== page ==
Long a key component of the Philippines’ economy, the construction industry is earmarked for strong growth next year, as the country moves to roll out new infrastructure, address its housing shortage, and to begin rebuilding the areas hit hardest by Typhoon Haiyan.
As talks get under way on the subject of reconstruction, the government will be all too aware of the part that unsuitable material used to build homes played in exacerbating the storm’s damage. However, with affordable, durable housing in short supply, even before the disaster, investment in new builds will be critical over the coming years.
Projects driving growth
The construction industry is currently enjoying double-digit growth, and, according to the Philippine Contractors Association (PCA), will likely be responsible for almost half of economic expansion in 2014.
PCA president, Augusto Manalo, told visitors at the international trade show, Philconstruct, which took place in Manila this November, that construction projects in 2014 were set to total PHP400bn ($9.17bn), topping projections for 2013 of PHP380bn ($8.71bn). Manalo added the value of work in the construction sector reached PHP287bn ($6.58bn) for the first six months of 2013, up 23.7% on the same period last year.
The rise in construction activity has, in turn, boosted the cement industry. According to data from the Cement Manufacturers Association of the Philippines (CeMAP), while sales eased during the typically slow, wet third quarter, figures were still up in a year-on-year (y-o-y) comparison.
CeMAP president, Ernesto Ordonez, announced in October that the group’s six members sold a combined 4.8m tonnes of cement between July and September, marking a rise of 9.2% on the same period last year. The figures come on the back of an impressive year for the cement industry, during which it notched up the fastest sales growth since 1997. Producers moved a record 18.4m tonnes of cement in 2012, up 17.5% on sales for 2011.
Foreign interest on the rise
Strong demand and steady construction growth within the Philippines has prompted outside investors, such as Thailand’s Siam Cement Group (SCG), to consider expanding their local capacity. The firm announced in October 2013 that it was mulling the idea of opening a pulpwood plantation and fibre cement board factory in the Philippines.
Steel is also witnessing substantial growth, with Trade Undersecretary, Adrian Cristobal Jr, reporting a 50% increase in demand over the past two years.
The expansion comes as industry representatives, including Gregory Uy Chan, president of Sanyoseiki Stainless Steel, continue lobbying both the government and the private sector to use steel in new building construction. Industry stakeholders argue that despite higher input costs, steel’s advantages, particularly its durability, make it a worthy long-term investment.
Their views were echoed by Japanese Ambassador, Toshinao Urabe, who called on the Philippines, in a July speech, to use more steel in construction projects. The government is currently mulling the idea of introducing a tax on steel imports as a means of supporting the local industry.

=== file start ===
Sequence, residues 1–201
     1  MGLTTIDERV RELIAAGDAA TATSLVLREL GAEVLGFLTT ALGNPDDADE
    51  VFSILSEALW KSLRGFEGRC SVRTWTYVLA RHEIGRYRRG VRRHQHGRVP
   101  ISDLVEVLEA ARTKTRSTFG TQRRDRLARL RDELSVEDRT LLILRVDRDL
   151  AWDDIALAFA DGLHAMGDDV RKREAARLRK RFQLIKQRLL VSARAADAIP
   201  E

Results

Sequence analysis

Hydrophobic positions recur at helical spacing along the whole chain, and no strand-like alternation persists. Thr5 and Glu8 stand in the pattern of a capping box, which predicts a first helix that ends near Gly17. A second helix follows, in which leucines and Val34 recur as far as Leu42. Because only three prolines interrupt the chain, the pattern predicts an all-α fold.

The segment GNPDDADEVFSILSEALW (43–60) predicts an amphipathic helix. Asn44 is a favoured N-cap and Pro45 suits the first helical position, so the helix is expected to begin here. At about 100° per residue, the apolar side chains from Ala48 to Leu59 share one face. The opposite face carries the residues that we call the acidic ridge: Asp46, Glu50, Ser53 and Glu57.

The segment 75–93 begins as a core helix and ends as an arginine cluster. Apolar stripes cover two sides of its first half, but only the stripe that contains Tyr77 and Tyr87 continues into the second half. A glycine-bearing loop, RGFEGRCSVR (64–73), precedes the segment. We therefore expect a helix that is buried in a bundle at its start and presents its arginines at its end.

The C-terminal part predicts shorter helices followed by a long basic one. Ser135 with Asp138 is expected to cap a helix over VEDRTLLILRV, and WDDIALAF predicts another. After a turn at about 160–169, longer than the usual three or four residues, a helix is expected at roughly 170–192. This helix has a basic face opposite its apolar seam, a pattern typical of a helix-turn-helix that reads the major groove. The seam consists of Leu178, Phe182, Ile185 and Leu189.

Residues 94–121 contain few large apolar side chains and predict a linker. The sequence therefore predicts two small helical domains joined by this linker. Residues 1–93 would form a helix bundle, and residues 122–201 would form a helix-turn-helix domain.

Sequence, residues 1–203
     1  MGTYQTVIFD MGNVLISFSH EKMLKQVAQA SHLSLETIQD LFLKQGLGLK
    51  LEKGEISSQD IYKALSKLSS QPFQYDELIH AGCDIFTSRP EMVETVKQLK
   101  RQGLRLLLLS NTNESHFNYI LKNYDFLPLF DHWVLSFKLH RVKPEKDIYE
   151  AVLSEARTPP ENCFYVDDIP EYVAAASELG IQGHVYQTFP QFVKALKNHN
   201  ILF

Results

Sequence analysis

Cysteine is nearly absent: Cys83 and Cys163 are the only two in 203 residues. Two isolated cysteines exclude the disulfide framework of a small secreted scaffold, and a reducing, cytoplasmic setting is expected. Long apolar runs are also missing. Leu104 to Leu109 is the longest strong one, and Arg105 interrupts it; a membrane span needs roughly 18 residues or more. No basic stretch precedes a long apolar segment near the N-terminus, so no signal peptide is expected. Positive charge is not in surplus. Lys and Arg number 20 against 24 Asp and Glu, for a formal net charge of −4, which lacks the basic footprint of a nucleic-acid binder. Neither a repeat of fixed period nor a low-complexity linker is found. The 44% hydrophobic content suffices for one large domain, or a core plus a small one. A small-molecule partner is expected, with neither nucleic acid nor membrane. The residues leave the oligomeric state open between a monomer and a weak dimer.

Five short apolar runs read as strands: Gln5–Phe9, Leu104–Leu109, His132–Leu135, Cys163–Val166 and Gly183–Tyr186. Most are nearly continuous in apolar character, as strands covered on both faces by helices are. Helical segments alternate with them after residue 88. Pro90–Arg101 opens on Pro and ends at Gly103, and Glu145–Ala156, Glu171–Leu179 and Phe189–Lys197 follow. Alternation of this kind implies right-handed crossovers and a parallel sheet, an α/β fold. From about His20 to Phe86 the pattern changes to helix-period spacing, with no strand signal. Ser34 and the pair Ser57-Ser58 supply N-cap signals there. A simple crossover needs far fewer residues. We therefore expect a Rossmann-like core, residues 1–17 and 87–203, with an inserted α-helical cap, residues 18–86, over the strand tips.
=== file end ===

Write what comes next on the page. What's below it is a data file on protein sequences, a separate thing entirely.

Reconstruction a priority
Maintaining a healthy supply of construction materials takes on added importance in the aftermath of Typhoon Haiyan. Estimates suggest that between 7m and 11m people have been affected by the deadly storm, with some 600,000 made homeless and at least 3900 killed. The typhoon is thought to have caused around $15bn of damage, pushing down Q4 growth from 7.1% to 4.1% y-o-y.
Experts such as Brian McNoldy, a hurricane researcher at the University of Miami, have highlighted the part that poorly constructed homes played in the devastation. According to figures from the World Bank, almost half of the country’s population were living in vulnerable, storm-prone cities numbering over 100,000 inhabitants last year. The country’s census office reported that one third of homes in Tacloban City had wooden exterior walls, while some even had grass roofs.
The Philippines already faces the challenge of addressing a housing shortfall of around 3.9m units. With estimates suggesting the shortage could rise to 10.21m by 2030, increasing access to affordable housing will be a government priority in the coming years.
In a move which was seen as highlighting the key role earmarked for local industry in tackling the housing shortage, the Aquino administration recently released a draft road map for each of the construction, steel and cement sectors, opening all three documents up for public consultation.
Stakeholders have already responded with their suggestions, which include calls for stricter enforcements of cement quality standards, elimination of double taxation and fiscal incentives for both existing companies and new players.
The president of the Subdivision and Housing Developers Association, Paul Tanchi, also called for the housing industry to team up with developers and industry partners with the aim of constructing 1m homes by 2016. Demand will undoubtedly remain strong in the medium term, putting contractors and foreign investors in a strong position as the building and rebuilding of infrastructure gains pace.
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